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Complete metamorphosis: a change in body form with four stages: egg, larva, pupa, and adult.

Incomplete metamorphosis: a change in body form with three stages: egg, nymph, and adult.

Larva: the second, "worm-like" stage in the life cycle of insects that undergo complete metamorphosis (like caterpillars).

Metamorphosis: dramatic change in body form... more

Pupa: resting stage during which tissues are reorganized from larval form to adult form. The pupa is the third body form in the life cycle of insects that undergo complete metamorphosis (like caterpillars).


Hymenoptera is one of the largest orders of insects, and includes common insects such as sawflies, wasps, bees and ants. This group of insects is named Hymenoptera because of their heavy wings. They range in size from very small to large and usually have two pairs of wings.

Most insects in this group are herbivores because they eat mostly leaves or pine needles. Some of the insects in this group are predators, like the stinging wasps, which paralyze their prey and use this as food to feed their larvae. This group of insect also includes bees who will feed on nectar and pollen.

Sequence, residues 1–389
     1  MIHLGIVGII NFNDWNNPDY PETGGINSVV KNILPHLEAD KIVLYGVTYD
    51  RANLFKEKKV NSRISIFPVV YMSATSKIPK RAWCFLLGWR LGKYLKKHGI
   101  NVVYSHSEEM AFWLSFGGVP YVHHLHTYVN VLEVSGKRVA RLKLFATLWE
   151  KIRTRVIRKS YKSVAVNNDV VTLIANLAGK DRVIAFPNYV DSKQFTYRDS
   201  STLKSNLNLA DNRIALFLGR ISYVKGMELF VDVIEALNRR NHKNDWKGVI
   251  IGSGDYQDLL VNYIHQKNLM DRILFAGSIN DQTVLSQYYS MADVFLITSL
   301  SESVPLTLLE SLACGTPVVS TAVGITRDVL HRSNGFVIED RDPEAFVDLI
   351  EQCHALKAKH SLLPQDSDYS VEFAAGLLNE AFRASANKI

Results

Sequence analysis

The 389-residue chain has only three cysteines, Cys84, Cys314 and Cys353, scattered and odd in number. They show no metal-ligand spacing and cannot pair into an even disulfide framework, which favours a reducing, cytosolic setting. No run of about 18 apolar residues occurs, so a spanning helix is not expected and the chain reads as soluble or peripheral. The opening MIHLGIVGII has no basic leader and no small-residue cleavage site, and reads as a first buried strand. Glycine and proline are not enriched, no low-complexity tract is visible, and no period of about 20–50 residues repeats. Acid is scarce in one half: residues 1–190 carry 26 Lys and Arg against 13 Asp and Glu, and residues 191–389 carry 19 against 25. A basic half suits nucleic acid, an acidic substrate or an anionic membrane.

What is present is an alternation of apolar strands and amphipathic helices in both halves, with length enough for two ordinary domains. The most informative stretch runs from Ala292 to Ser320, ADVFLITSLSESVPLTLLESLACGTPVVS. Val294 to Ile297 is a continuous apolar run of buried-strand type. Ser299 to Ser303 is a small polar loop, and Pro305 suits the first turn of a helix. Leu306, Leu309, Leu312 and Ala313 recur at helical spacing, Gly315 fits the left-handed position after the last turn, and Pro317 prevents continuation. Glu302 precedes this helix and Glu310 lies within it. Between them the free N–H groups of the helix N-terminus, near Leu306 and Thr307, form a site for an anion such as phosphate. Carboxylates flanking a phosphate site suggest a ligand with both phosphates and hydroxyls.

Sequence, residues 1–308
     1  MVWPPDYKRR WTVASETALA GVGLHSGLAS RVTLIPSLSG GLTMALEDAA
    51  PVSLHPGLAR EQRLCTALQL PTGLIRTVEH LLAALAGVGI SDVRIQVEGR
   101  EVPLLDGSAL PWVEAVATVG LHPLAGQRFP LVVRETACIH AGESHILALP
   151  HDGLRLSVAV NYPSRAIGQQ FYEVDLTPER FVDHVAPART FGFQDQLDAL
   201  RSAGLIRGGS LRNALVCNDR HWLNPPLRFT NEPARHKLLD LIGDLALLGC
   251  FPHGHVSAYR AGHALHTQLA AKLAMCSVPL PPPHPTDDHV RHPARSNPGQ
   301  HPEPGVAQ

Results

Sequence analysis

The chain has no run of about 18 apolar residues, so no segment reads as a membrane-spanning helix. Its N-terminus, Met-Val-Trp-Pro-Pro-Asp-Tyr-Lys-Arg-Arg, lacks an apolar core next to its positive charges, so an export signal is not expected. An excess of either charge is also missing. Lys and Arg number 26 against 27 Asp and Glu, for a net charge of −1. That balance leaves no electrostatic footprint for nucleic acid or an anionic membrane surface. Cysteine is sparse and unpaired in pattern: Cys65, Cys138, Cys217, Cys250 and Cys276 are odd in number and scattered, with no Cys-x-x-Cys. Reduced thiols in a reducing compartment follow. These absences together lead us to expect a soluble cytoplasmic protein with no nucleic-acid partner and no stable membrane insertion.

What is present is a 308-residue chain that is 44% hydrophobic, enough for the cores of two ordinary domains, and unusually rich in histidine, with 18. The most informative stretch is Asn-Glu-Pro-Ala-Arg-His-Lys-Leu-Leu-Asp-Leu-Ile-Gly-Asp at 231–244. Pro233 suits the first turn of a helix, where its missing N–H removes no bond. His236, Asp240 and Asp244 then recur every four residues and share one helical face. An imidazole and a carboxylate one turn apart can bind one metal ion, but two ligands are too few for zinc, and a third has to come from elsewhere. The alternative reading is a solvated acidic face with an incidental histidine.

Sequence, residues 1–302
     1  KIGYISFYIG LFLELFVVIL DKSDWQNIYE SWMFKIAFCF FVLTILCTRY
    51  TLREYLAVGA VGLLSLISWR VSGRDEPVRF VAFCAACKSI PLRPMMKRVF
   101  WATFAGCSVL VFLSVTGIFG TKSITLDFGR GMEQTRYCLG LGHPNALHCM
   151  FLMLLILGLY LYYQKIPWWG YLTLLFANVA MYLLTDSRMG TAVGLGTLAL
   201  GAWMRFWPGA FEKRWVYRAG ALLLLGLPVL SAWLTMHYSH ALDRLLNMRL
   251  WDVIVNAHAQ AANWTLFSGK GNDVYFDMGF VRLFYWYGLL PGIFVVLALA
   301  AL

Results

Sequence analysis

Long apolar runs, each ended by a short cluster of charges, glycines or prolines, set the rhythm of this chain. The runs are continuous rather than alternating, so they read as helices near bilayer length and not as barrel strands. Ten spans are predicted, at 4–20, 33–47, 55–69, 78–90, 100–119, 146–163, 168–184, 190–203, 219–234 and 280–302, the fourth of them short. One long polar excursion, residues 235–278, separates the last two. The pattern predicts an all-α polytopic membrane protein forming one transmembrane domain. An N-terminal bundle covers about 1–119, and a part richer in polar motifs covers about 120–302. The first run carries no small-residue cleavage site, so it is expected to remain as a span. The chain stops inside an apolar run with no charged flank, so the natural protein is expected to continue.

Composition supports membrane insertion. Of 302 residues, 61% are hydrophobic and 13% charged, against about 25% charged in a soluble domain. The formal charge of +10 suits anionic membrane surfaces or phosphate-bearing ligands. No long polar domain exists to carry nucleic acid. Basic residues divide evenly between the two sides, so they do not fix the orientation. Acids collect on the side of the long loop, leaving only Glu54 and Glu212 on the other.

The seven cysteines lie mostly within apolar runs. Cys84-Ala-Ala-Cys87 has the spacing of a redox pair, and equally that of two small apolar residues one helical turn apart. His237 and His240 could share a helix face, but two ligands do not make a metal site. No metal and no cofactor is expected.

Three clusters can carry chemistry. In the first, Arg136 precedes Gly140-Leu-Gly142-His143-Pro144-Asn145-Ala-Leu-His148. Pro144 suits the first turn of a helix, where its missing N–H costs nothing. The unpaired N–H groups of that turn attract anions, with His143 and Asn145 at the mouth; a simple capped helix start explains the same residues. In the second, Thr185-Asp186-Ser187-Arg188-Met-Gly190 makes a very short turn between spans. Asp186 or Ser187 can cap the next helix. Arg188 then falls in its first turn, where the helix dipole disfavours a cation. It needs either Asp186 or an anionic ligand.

The Hymenoptera order of insects will undergo complete metamorphosis, which means that they have a worm-like larval stage which will change into a pupa and from there they will hatch and mature into adults.

Bees and wasp


Grasshoppers belong to the order of insects called Orthoptera. They are related to crickets and katydids but look different because they have larger hind legs and short, thick antennae.

Grasshoppers are primarily herbivores and feed on various plants but will occasionally eat other insects.

They have a life cycle that begins from eggs that will then transform into nymphal stages or instars and finally mature into adults.


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Bibliographic details:

  • Article: Hymenoptera and Orthoptera
  • Author(s): Dr. Biology
  • Publisher: Arizona State University School of Life Sciences Ask A Biologist
  • Site name: ASU - Ask A Biologist
  • Date published: September 26, 2012
  • Date accessed: February 24, 2018
  • Link:

APA Style

Dr. Biology. (2012, September 26). Hymenoptera and Orthoptera. ASU - Ask A Biologist. Retrieved February 24, 2018 from

American Psychological Association. For more info, see

Chicago Manual of Style

Dr. Biology. "Hymenoptera and Orthoptera". ASU - Ask A Biologist. 26 September, 2012.

MLA 2017 Style

Dr. Biology. "Hymenoptera and Orthoptera". ASU - Ask A Biologist. 26 Sep 2012. ASU - Ask A Biologist, Web. 24 Feb 2018.

Modern Language Association, 7th Ed. For more info, see
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